Dan Brouillette: American ‘Gains’ to Reduce Pollution ‘Offset’ by China in ‘One Month’

US Deputy Energy Secretary Dan Brouillette speaks during a press conference with the German Economy Minister on February 12, 2019 at the Economy Ministry in Berlin after they held talks over Europe's gas supply. - Germany will put on a show of unity with the United States February 12, 2019 …

Department of Energy (DOE) Deputy Secretary Dan Brouillette told Breitbart News Daily that Chinese pollution has “offset” American “gains” to reduce pollution in “one month.”

Brouillette spoke with Breitbart News Daily host Alex Marlow regarding America’s leadership to reduce pollution, President Donald Trump’s decision to withdraw from the Paris climate treaty, and new initiatives the DOE is pursuing to reduce carbon emissions.

His interview with Breitbart News Daily follows as Energy Secretary Rick Perry plans to step down, and Trump nominated Brouillette to be the next secretary.

“At the same time, I am pleased to nominate Deputy Secretary Dan Brouillette to be the new Secretary of Energy. Dan’s experience in the sector is unparalleled,” Trump wrote in a tweet last week. “A total professional, I have no doubt that Dan will do a great job!”

Trump announced late Wednesday night that he will confirm one of his key 2016 presidential campaign promises by withdrawing from the Paris climate agreement.

Brouillette said that the country, under Trump, has managed to reduce emissions beyond other Paris treaty signatories while growing the American economy.

“There is not a single signatory to that accord that has come close to the United States’ record on the environment,” Brouillette said. “Not a single signatory.”

Further, he said that while America has continued to reduce carbon emissions, China has continued to pollute the world.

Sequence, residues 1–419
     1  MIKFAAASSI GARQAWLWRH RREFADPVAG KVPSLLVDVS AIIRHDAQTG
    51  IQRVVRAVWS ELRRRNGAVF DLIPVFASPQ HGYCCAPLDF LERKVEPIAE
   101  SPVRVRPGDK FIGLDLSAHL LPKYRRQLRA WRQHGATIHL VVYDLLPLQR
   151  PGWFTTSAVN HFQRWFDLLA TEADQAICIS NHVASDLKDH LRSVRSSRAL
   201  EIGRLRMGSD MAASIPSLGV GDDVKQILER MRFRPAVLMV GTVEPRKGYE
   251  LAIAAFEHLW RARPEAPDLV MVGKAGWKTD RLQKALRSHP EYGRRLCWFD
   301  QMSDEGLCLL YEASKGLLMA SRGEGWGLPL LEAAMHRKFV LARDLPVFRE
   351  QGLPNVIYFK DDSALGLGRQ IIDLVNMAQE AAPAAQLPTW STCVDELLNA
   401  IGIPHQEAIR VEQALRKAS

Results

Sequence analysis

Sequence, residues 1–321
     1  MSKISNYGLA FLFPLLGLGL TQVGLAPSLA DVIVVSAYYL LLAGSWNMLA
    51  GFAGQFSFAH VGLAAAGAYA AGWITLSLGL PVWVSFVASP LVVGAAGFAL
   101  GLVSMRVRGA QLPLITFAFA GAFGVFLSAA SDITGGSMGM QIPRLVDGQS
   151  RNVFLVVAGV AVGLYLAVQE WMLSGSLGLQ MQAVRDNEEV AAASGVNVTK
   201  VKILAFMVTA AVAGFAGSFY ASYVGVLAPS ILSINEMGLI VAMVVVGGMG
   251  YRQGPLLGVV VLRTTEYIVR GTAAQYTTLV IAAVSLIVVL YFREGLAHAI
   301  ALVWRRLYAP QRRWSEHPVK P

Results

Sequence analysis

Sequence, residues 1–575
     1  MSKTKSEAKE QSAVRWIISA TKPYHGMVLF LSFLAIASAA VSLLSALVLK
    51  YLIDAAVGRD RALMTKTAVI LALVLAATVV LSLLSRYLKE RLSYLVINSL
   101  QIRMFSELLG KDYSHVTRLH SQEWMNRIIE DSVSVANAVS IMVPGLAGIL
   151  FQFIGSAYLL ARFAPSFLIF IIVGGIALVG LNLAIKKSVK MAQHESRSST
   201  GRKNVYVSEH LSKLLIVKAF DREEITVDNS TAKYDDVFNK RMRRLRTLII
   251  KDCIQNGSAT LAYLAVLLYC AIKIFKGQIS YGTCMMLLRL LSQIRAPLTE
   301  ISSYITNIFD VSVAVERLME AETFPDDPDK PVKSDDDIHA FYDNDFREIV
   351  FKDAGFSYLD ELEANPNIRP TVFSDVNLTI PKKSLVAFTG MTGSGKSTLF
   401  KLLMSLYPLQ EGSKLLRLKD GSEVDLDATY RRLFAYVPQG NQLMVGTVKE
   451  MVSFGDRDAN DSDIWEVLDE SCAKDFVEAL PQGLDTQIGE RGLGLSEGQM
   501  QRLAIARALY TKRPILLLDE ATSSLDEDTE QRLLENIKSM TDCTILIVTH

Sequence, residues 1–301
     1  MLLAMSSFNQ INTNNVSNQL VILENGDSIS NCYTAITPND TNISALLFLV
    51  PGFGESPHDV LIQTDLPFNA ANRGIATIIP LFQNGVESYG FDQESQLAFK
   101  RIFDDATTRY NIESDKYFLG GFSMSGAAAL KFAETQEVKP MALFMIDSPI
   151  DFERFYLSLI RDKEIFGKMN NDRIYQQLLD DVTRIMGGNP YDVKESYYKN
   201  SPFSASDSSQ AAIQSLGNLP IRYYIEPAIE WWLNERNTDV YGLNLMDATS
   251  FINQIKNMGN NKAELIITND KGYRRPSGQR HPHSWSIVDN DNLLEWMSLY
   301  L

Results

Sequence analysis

The energy deputy secretary said, “All of the gains that we have made are offset exponentially by the Chinese. It shows the fallacy of an agreement of the Paris Accords. We have reduced our energy-related emissions by 14 percent. That has been offset exponentially by the Chinese in probably a month or maybe a month and a half. They are making near-zero progress regarding these types of issues.”

The energy secretary nominee then noted that America’s growing Marcellus Shale natural gas developments have “fundamentally transformed the entire Appalachian region. If you were to hold that out as a country, it would be one of the largest energy-producing countries in the world. Appalachia alone.”

Brouillette said that Trump “is committed to developing infrastructure that would move” American energy to the market. However, many states, such as New York, have refused natural gas pipelines to areas such as Boston, Massachusetts. New York’s blocking of pipelines has led to a Russian oil tanker selling natural gas to Boston instead of Pennsylvania shale natural gas.

“We had a Russian tanker parked in Boston harbor, selling Russian gas to American consumers because we couldn’t get the gas to consumers through to New York to Boston,” he said. ” That’s an outrageous development.”

Brouillette also touted nuclear reactors, given that they emit “zero emissions.” He said that the industry is developing low-enriched uranium that is “walkaway safe.”

He explained, “The fuel is ‘walk-away safe.’ It can’t melt down. You can’t have an accident. If the cooling system shuts off, you can walk away from it, and nothing happens. It fundamentally changes nuclear energy going forward.”

Brouillette chided the progressive Democrats’ Green New Deal, saying that it would “dictate to the American economy what types of jobs, what types of industries survive.”

“That’s just not something the government is very good at. It’s something that American people are very good at,” he said.

The energy deputy secretary said that Americans can solve the country’s pollution problems.

“The ingenuity that Americans bring to anything they do is just incredible,” he said.

Sean Moran is a congressional reporter for Breitbart News. Follow him on Twitter @SeanMoran3.


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